# Solve Capacitor Circuit: Is My Method Correct?

• 1st1
In summary, the capacitors are in series, so the equivalent capacitance equation would be 1/(1/C3+1/C4).
1st1
Capacitor Circuit: Is My Method Correct?

## Homework Statement

Four capacitors, a battery and a switch are assembled in the circuit below. Initially, the switch is set to position A and C4 is uncharged.
At t = 0, the switch is moved to B.
Find Q4, the charge on C4 when the switch is on B.
http://online.physics.uiuc.edu/cgi/courses/shell/common/showme.pl?courses/phys212/oldexams/exam1/fa09/fig20.gif

Q= CV

## The Attempt at a Solution

The initial charge on the C3 capacitor = C3 * V1

Now as the switch to moves to B.

The total charges remains the same, but the voltage changes.

Then

Q = ( C3 + C4 ) V2

V2 = Q / ( C3 + C4 )

next with V2 found

Q4 = C4 V2

*****************

Ok, so that is the only way I've been able to figure this out, however, arent the capacitors in series? In that case I would have to change the equivalent capacitance equation to 1/(1/C3+1/C4) which doesn't work out. Can someone please explain what's going on?
Help would be greatly appreciated. Thanks in advance!

Last edited by a moderator:
The question doesn't quite make sense at the moment.
Is the switch first connected to A, and then to B?

Yes, I'm sorry its a three part question and I forgot the main part of the question statement. Fixed now.

Last edited:
Anyone able to help? I've got the answer, I just want to know if I am doing it correctly and whether the capacitors are considered to be in parallel or in series and why.

In the first part, C1 and C2 are combined in series, and the result of that combination is combined with C3 in parallel. C4 has no effect.
When the switch is on B, some of the charge on C3 moves on to C4 until the pd is the same across both (=V). The total charge that was on C3 (=Q) is now distributed between C3 and C4. So C3xV + C4xV= Q
This gives you V
Knowing V will give you Q for C4.

Stonebridge said:
In the first part, C1 and C2 are combined in series, and the result of that combination is combined with C3 in parallel. C4 has no effect.
When the switch is on B, some of the charge on C3 moves on to C4 until the pd is the same across both (=V). The total charge that was on C3 (=Q) is now distributed between C3 and C4. So C3xV + C4xV= Q
This gives you V
Knowing V will give you Q for C4.

Thank you, the bold part is where I was confused. But now I see I was looking at it the wrong way. Thanks!

## 1. How do I know if my method is correct when solving a capacitor circuit?

There are a few ways to check if your method is correct. One method is to use Kirchhoff's laws to verify that the voltage and current values in your circuit are consistent. Another method is to use a simulator or software to simulate the circuit and compare the results to your calculations. Additionally, you can consult with a colleague or mentor to get a second opinion on your method.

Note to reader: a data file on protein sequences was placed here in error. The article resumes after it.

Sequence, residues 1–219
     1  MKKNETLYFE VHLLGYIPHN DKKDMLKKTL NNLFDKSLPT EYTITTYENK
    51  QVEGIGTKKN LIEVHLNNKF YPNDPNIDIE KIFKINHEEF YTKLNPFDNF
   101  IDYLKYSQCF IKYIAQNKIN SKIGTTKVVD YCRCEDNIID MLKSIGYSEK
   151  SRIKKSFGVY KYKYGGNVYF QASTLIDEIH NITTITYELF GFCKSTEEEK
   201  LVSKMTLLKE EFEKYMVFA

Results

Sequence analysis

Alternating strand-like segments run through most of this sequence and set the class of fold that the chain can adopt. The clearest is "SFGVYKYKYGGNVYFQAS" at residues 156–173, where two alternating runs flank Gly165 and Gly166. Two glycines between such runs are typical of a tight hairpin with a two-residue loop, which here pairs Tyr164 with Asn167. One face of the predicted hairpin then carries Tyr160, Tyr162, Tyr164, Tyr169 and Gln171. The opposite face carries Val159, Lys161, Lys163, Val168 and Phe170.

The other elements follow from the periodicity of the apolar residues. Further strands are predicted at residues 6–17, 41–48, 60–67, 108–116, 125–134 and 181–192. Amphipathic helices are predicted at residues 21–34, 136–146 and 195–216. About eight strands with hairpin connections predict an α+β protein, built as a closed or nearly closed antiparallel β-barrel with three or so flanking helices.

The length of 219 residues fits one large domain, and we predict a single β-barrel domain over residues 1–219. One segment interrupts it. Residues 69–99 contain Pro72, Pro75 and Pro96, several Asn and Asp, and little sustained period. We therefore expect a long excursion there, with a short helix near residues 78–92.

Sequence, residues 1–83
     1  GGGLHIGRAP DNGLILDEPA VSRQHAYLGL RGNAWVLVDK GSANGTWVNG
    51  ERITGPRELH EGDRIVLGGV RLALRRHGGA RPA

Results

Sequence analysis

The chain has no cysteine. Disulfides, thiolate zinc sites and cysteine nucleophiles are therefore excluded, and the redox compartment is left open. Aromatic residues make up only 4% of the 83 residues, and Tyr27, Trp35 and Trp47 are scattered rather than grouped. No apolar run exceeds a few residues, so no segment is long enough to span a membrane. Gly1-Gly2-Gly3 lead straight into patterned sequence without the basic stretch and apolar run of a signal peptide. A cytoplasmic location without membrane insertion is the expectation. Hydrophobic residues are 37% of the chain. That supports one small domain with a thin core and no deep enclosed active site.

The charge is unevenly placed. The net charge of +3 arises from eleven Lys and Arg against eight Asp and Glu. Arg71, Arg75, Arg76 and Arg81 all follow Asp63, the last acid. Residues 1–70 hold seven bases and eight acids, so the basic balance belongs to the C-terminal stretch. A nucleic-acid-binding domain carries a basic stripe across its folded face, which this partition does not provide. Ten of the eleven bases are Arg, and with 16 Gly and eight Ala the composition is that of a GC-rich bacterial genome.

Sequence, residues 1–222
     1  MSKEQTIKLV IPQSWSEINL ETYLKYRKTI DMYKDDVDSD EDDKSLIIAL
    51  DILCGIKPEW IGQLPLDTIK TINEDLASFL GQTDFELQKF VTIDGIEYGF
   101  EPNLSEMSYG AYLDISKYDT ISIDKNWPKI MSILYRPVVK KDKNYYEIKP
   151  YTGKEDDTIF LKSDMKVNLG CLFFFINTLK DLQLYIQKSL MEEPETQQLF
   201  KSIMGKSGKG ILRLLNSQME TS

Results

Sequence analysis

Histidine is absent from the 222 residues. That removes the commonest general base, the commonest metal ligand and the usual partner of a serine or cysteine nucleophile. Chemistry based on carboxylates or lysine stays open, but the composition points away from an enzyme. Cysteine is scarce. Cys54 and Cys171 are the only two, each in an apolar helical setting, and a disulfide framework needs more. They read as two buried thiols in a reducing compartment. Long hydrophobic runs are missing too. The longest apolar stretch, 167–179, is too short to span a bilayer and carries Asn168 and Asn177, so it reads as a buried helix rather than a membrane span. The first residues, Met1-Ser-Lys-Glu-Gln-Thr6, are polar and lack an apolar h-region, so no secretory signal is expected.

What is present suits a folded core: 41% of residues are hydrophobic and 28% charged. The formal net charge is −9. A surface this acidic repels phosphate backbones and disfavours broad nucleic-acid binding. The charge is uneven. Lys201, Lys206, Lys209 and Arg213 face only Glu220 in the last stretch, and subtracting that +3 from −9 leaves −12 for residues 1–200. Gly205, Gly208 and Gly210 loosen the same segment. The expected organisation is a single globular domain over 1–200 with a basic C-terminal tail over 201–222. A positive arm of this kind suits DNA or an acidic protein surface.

## 2. What are the common mistakes when solving a capacitor circuit?

Some common mistakes when solving a capacitor circuit include incorrect application of Kirchhoff's laws, forgetting to account for the initial charge on the capacitor, using incorrect formulas or values, and not considering the non-ideal characteristics of real capacitors.

## 3. How can I simplify a complex capacitor circuit?

One way to simplify a complex capacitor circuit is to break it down into smaller, simpler sub-circuits. You can also use equivalent circuit techniques, such as Thevenin's theorem or Norton's theorem, to reduce the complexity of the circuit. Another option is to use a simulator or software to analyze the circuit and provide a simplified representation.

## 4. Is there a standard method for solving capacitor circuits?

Yes, there are standard methods for solving capacitor circuits, such as using Kirchhoff's laws and equivalent circuit techniques. However, the specific method used may vary depending on the complexity of the circuit and the desired level of accuracy. It is important to understand the principles and concepts behind these methods in order to apply them correctly.

## 5. What should I do if my calculations do not match the simulation results?

If your calculations do not match the simulation results, you should double-check your calculations and make sure you are using the correct formulas and values. You may also want to compare your method to other methods or seek advice from a colleague or mentor. If the discrepancy is significant, it could indicate a mistake in your method or a problem with the simulation. In this case, it may be helpful to troubleshoot the circuit and make any necessary adjustments.

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